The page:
Brazil spurns US terms for Aids help 04 May 2005 --Brazil yesterday became the first country to take a public stand against the Bush regimes massive Aids programme which is seen by many as seeking increasingly to press its anti-abortion, pro-abstinence sexual agenda on poorer countries.
Polio alarm as virus spreads to Indonesia 04 May 2005 --Outbreak a blow for global eradication programme [But, a financial windfall to Bush's pharma-terrorists - and more deadly vaccines financed by U.S. taxpayers] --The battle to eradicate polio from the globe received another serious setback yesterday with news that the disease has spread to Indonesia as well as Yemen, both of which had been polio-free for nearly 10 years. [Yeah, until the U.S. showed up to 'help' after the tsunami.]
Marburg virus has fatality rate of 89%, officials say 03 May 2005 --The rare Marburg virus has killed 280 people in Angola over the past six months, at a fatality rate of 89 per cent, authorities said.
Marburg kills 280 03 May 2005 --The death toll from the outbreak of the Ebola-like Marburg virus in Angola has reached 280, most of whom succumbed to the disease in the northern Uige province, the health ministry and the World Health Organisation said late on Monday.
Bomb attacks on the rise as 'New Baath party' is born --The scale of the continuing violence in Iraq over the past year was underlined by a US report... that reveals there were 15,527 attacks on occupation forces, largely American, from July 2004 to late March 2005... The report was first issued by the US in a heavily censored form with sensitive information blocked out. But an Italian computer specialist discovered that the censorship was easy to remove. The picture painted by the uncensored military report is in sharp contrast to the more optimistic views given by the Pentagon to the US media.
Halliburton trolling for more corporate welfare: Bush's media whores at the NYT publish lead article regarding Iraq's 'lagging oil production' --A Promise Unfulfilled: Iraq's Oil Output Is Lagging --Two years after Saddam Hussein was toppled, production is limping along at about two million barrels a day, less than before the war, and even at that rate it may be causing long-term damage to poorly maintained fields. American officials had hoped that output at this stage would be at three million barrels a day, generating badly needed funds for reconstruction. ...Despite close to $2 billion worth of American corporate welfare ['technical aid'] to the oil sector has brought only limited gains. [LOL, why, let's give even *more* money to Halliburton, to 'upgrade' the oil fields - only to have Negroponte's terror teams blow them up, again!! See: Shell profit at £1.6m an hour 29 April 2005 --Shell yesterday reported an "excellent" first quarter [*duh*] with a strong financial performance across its businesses. The oil giant, which reported the biggest annual profits in UK corporate history in February, said its income had risen by 42% to $6.7bn (£3.5bn) in the period.]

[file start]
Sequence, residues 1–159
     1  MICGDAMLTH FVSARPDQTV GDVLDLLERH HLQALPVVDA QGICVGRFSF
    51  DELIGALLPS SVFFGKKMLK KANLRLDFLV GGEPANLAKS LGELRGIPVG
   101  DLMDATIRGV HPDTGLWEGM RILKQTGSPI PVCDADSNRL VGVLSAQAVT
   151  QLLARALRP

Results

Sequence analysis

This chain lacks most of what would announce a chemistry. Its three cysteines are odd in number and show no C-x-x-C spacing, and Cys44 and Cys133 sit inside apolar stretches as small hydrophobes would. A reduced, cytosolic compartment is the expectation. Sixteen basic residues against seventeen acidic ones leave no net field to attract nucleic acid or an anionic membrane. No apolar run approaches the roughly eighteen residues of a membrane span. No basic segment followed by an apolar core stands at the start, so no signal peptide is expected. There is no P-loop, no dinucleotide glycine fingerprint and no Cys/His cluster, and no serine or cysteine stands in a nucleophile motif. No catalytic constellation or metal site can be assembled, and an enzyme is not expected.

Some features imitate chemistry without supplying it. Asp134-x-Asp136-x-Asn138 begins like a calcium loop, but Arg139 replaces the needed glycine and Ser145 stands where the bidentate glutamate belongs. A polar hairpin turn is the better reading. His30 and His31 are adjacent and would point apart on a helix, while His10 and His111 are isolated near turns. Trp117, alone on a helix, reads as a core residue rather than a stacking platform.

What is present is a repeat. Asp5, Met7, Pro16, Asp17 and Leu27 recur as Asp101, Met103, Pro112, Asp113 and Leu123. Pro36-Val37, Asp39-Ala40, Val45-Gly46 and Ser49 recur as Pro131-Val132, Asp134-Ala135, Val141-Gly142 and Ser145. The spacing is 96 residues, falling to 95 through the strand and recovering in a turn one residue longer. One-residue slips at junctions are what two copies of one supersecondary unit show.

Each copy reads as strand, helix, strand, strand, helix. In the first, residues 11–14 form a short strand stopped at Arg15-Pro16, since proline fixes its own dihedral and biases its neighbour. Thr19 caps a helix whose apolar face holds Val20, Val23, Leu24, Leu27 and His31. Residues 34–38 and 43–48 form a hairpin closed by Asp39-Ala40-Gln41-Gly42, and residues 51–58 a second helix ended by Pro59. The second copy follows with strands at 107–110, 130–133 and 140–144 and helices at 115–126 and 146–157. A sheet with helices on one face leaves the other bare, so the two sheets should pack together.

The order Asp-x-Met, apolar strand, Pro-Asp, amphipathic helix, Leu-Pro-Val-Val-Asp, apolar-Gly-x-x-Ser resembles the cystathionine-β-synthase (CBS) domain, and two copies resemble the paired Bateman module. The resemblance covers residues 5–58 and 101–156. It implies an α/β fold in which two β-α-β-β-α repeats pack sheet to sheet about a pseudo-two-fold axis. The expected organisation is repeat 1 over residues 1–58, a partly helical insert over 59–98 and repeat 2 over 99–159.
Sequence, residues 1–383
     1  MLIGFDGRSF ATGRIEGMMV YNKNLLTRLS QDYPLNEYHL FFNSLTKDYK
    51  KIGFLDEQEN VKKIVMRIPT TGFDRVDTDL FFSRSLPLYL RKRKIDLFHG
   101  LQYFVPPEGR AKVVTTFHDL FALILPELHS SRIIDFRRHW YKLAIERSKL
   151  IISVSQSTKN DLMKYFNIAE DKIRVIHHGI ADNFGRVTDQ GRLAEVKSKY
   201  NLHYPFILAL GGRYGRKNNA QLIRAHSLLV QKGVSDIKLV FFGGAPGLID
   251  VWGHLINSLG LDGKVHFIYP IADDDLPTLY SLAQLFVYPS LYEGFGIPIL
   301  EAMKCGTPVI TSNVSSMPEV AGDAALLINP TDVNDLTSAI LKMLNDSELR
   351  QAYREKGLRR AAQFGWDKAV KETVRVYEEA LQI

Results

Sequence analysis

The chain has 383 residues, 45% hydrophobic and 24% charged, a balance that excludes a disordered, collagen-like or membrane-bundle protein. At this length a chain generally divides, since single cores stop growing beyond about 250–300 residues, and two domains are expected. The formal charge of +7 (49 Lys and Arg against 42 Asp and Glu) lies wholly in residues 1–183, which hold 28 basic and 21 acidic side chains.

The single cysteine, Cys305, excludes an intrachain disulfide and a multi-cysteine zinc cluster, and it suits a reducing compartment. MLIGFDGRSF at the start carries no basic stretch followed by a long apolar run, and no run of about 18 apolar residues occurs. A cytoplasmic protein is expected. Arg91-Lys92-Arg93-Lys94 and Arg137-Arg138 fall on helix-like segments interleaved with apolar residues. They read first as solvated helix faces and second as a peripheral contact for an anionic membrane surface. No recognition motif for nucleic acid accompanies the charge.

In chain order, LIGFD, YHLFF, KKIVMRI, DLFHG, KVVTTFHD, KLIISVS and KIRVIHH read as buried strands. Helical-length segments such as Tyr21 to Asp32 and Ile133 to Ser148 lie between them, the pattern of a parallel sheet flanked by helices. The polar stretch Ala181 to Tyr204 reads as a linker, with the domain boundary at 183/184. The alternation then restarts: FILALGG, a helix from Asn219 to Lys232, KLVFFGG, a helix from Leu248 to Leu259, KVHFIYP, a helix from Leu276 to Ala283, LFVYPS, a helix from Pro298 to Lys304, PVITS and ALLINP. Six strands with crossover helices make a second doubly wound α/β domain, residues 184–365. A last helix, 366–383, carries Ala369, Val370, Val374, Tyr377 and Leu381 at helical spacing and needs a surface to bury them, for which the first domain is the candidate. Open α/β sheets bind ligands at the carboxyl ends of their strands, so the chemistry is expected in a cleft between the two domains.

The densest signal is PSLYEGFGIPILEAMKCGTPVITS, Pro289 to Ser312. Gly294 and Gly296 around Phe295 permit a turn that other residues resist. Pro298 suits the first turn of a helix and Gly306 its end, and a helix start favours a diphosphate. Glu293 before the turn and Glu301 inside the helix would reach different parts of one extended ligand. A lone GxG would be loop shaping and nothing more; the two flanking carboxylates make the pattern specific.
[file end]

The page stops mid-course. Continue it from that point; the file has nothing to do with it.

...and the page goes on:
These are Blair's last days --Iraq is our greatest foreign policy calamity in modern history and the reckoning has only just begun --by George Galloway "When I first called the prime minister a liar on air over his repeatedly denied plans to invade Iraq - in the wake of the Texas meeting with George Bush in spring 2002 - the BBC presenter was aghast at my presumption. Today there can scarcely be a sentient being in the land who would disagree... He lied, and more than 100,000 died: the real blood price of his grotesque special relationship with Bush... There was no al-Qaida in Iraq before the arrival of US and British troops. Now fundamentalists are descending like spores of anthrax on the gaping wounds torn open by the war. It is without doubt the biggest foreign policy calamity in modern history." [a must read]
130 dead since Thursday in Iraq --In latest attack, 6 killed in car bombing in Baghdad --A car bomb exploded in an upscale shopping district of Baghdad on Monday, killing at least six Iraqis and setting fire to an apartment building, in a surge of violence that has left at least 130 people dead since a new government was formed last week.
Car bombs strike Baghdad, killing eight --Three car bombs have killed at least eight people in Baghdad on Monday. The blasts targeted an Interior Ministry official, policemen and a busy shopping district, police said.
U.S. soldier killed by roadside bomb in Iraq --One soldier from the 1st Corps Support Command was killed and another injured by an improvised explosive device (IED) at the Baghdad International Airport on Monday, the U.S. military said in a statement on Tuesday.
Blair faces Iraq families' anger --The wife of the latest British soldier to be killed in Iraq has blamed Tony Blair for his death. Guardsman Anthony Wakefield was killed by a roadside bomb on Monday. His wife, Ann Toward, said Mr Blair should not have sent him to war.